• Robert Gostwick, 'kinsman', and Rector of Ingatestone, mentions William's kids John & Thomas in his will of 1541.
Thomas was married without kids living in Weedon, Northants
John Gostwick, of Willington, husbandman, appt as executor of the will

22-Apr-1544, William the younger, son of Sir John, sued in court of Chancery

John & Elizabeth both, had trespassed in willington, involving their bro Edmund.

1547, Elizabeth Gostwick leaves a will including gifting the 10 pounds she was owed by William Gostwick, Esq., then relict Anne Gostwick, then Sir Thomas Verney...to charity.

pgs 79-80 Gostwick's of Willington

  • Nov-1548, John Gostwick proved the will of his sister, Elizabeth Gostwick
  • Elizabeth had pledged some of the family owned property at Wilshamstead, Cardington & Cotton End as security in a loan of grain and money.
  • Thomas, brother of John & Elizabeth, brings legal action over the property lien
  • John applies to cousin William Gostwick the Elder for the return of the ten pounds borrowed by the younger William.
  • the younger William then died, so John applied to William's relict, Anne.
  • having no luck, he brought action against Anne who was now married to Sir Thomas Verney.
  • Sir John owned cruets, cross & Chalice, aka vestiments
  • After Williams death, his relict Anne inherited all plate & jewels not bequeathed to others. This included the vestiments.
  • Sir Thomas Verney then sold the cruets, cross & chalice, openly.
  • John Gostwick, with Thomas & John Mytton reported the sale
  • 8-May-1556, Westminster, orders immediate enquiry
Local commissioners: Nicholas Luke & Lewis Dyve examined Sir Thomas Verney and took 11 sworn depositions. [3]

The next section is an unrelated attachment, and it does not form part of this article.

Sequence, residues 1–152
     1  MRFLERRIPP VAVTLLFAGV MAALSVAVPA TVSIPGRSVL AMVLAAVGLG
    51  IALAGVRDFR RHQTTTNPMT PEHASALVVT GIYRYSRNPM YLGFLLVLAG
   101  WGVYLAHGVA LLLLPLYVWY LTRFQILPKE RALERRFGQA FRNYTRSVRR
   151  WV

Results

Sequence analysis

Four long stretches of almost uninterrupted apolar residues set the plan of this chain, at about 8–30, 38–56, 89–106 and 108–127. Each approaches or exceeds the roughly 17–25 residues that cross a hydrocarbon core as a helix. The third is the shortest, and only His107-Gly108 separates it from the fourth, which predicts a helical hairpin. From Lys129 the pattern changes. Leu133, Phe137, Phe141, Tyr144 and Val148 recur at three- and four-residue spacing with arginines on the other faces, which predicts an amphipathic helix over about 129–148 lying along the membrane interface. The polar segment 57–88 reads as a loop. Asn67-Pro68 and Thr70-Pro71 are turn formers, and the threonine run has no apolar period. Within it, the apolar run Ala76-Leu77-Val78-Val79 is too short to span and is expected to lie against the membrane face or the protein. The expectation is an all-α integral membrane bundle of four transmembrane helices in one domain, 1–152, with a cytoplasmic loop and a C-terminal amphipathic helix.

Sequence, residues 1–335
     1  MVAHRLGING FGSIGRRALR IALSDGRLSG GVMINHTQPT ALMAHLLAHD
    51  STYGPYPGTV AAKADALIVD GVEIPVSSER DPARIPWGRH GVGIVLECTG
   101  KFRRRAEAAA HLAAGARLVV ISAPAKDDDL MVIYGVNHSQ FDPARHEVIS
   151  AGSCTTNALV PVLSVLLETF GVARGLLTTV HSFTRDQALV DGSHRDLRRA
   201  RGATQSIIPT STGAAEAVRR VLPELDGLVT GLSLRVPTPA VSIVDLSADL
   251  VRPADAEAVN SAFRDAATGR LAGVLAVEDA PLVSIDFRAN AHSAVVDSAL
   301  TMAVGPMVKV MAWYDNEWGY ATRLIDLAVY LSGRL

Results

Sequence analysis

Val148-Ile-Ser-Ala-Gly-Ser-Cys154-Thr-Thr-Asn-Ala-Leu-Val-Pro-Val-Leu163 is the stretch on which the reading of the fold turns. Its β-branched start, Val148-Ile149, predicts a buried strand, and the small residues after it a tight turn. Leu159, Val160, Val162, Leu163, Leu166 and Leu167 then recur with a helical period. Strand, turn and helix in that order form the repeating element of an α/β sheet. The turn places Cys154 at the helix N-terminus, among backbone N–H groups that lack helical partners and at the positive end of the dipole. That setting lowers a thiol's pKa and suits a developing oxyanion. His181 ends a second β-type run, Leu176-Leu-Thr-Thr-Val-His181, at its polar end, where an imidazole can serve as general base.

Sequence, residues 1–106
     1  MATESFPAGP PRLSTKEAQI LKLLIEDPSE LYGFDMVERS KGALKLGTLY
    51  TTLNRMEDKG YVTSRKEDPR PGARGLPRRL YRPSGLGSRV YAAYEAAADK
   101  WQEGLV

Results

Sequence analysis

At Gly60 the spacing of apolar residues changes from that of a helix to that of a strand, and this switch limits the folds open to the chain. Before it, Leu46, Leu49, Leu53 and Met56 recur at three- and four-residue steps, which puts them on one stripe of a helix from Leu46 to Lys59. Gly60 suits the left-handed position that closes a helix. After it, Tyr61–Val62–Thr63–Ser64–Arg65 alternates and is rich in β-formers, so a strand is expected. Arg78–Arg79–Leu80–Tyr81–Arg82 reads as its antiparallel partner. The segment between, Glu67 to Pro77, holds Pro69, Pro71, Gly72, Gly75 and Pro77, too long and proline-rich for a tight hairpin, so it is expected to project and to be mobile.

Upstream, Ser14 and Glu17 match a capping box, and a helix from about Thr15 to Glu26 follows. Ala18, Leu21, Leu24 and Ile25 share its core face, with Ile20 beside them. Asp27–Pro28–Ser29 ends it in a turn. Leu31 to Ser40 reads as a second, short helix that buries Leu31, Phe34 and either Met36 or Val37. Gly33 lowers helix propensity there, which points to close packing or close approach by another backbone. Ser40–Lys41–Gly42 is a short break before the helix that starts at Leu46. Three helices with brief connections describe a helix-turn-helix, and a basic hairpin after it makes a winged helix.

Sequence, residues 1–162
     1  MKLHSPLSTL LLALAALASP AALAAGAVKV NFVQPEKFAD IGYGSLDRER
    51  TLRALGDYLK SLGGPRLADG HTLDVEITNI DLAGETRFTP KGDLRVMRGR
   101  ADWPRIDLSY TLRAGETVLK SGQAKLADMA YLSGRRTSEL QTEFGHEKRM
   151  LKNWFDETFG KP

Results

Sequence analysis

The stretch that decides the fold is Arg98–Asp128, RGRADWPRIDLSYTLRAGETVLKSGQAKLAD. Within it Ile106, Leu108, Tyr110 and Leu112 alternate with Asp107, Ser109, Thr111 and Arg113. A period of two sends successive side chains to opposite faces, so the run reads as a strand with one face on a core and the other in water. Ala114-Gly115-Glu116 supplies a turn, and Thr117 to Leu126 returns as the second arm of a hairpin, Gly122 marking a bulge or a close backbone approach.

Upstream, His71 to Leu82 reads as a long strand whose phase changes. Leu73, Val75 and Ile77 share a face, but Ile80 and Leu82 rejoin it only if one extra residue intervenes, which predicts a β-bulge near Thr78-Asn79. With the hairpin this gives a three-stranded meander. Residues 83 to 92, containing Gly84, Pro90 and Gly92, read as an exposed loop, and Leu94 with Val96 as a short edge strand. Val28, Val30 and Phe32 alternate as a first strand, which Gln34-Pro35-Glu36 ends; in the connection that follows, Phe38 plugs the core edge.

1. Thomas Leigh, of Caldwell, who resided with Sir John from 1537 until his death
  2. Sir William Ward aka William Biddenham, vicar of Willington
  3. William Denn, of Bletso, past servant of John
  4. William Fayry, of Willington, servant of 14yrs standing
  5. Henry Fisher, of Renhold, another servant
  6. John Croker, servant at the manor house since William

Gostwick had inherited it, still employed there states "John Gostwick is a man of a malicious and devilish mind", whose only object was to make trouble for the Verneys.

Conclusions and Questions re: Finberg's synthesis


  • Where does the name 'William Gostwick' appear in *direct* reference to this profile.
>> Finberg implies it's the chancery docs.
ONE citation found outside untranscribed chancery records.
  • Where does the spouse's name Elizabeth come from? I havent found it yet, and suspect it could be weak logic such as 'they had one daughter Elizabeth, so mom was Elizabeth too'


  • Son, John Gostwick's Chancery Court citation is the only direct reference to his father known, and it's given as 'cousin' of another William
  • There is strong direct evidence that the group of kids placed under the parentage of William & Elizabeth Gostwick, belong together as a group of siblings.
  • There is strong evidence that this branch was not the same one who had in this generations lifetime RE-Acquired Willington Manor. The family had lived there generations prior.
  • Forcing generations into a single line family tree in Willington creates multiple issues where exceptionally old individuals are starting new families, etc. - As Finberg discusses in relation to the tree of the Visitation of Beds.
  • the years of 1540-1555 span a period where there was extreme overlap in names of Gostwicks in Willington. Every fact must be charted to keep aligned.
  • A full modern transcription is needed to fact check Finberg and properly cite facts, especially relationships.

Overview of Relationships

This William Gostwick's kids were cousins to Sir John Gostwick.

Overview of relationships. (5) Johns, (4) Williams, (3) Roberts)


  1. "United Kingdom National Archives Online" [database on-line]. Discovery.Nationalarchives.gov.uk Entry for Gostwicke v Gostwicke, Suit of Trespass, 22 Apr 1544 (accessed [4-Oct-2021]); citing National Archives: Kew, NA Ref: C 1/1123/42
  2. "United Kingdom National Archives Online" [database on-line]. Discovery.Nationalarchives.gov.uk Entry for Gostwicke v Varney, Suit, 1556-1558, Chancery Court (accessed [4-Oct-2021]); citing National Archives: Kew, NA Ref: C 1/1429/45-49
  3. Edwardian Inventories for Bedfordshire, (Alcuin Club Coll., vi), pgs. 25, 30-39. Hathitrust: Eduardian Inventories